Doctors Without Borders/Médecins Sans Frontières (MSF) started providing medical and mental health care at the Sahela border reception site and in the Bardarash refugee camp on October 24. Since then, MSF has conducted 3,207 health care consultations, including 1,031 for children under five years old. The number of daily consultations has now stabilized between 120 and 180.
By November 6, more than 13,000 Kurdish refugees had settled into tents on concrete slabs in Bardarash camp, originally built in 2013 to accommodate Iraqis fleeing fighting in Mosul.
Most patients are suffering from upper respiratory tract infections caused by the cold nights spent in tents.
In addition to medical care, MSF has provided mental health care to more than 800 families at the Sahela border reception site and in Bardarash camp by going tent-to-tent.
“Roughly 50 percent of the people we saw during our mental health assessment in the camp were presenting symptoms linked to depression and anxiety,” said MSF mental health manager Bruno Pradal.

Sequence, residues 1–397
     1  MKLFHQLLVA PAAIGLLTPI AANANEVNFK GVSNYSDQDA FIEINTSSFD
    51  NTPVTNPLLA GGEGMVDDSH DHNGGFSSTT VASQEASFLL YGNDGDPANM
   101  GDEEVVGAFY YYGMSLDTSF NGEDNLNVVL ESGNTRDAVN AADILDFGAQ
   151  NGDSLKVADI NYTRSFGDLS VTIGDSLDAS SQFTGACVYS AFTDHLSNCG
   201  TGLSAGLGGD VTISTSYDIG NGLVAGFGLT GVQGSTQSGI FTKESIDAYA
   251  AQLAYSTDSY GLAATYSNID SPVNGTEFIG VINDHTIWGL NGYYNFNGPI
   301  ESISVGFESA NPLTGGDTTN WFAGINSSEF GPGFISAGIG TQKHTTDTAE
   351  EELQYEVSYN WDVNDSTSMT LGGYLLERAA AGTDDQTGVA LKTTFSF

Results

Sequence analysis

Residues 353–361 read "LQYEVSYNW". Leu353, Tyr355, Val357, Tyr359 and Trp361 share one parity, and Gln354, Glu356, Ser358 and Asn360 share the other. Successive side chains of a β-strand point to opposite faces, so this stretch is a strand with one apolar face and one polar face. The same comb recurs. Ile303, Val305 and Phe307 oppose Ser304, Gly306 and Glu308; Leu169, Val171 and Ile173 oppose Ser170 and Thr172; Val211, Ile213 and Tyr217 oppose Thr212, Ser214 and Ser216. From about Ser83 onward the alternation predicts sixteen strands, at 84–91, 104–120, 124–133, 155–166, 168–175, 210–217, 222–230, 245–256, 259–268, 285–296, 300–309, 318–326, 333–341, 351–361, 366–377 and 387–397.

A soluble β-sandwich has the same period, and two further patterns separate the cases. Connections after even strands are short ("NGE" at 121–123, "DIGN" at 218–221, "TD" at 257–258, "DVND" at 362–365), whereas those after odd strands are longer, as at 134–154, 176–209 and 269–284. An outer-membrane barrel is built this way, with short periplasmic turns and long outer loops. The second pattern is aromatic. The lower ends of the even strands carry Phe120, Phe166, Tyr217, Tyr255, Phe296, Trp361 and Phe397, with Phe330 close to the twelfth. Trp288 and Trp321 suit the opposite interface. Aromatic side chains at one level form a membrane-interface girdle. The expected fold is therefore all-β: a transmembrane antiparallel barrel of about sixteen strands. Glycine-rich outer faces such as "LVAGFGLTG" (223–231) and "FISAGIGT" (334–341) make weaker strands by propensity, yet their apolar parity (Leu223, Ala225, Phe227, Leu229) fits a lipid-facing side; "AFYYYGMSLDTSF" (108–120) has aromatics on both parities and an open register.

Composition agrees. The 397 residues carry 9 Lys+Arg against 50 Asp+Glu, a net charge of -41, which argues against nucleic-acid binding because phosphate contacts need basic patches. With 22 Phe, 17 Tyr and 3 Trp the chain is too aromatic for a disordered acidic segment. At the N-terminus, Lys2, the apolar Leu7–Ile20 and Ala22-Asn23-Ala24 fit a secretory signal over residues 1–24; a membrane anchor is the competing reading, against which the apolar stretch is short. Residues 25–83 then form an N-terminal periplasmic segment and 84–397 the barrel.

Others exhibited medically unexplained physical symptoms like headaches and muscle pain, which could be related to mental health problems.
MSF mental health workers in the camp met people with suicidal thoughts as well as people with the early symptoms of post-traumatic stress disorder. In addition to psychological first aid and referrals, our teams also provide people with tips on caring for themselves and others and coping with stress.
“People were worried about the future and were feeling hopeless, thinking about the things they were forced to leave behind like their homes, jobs, family members, and loved ones,” Pradal said.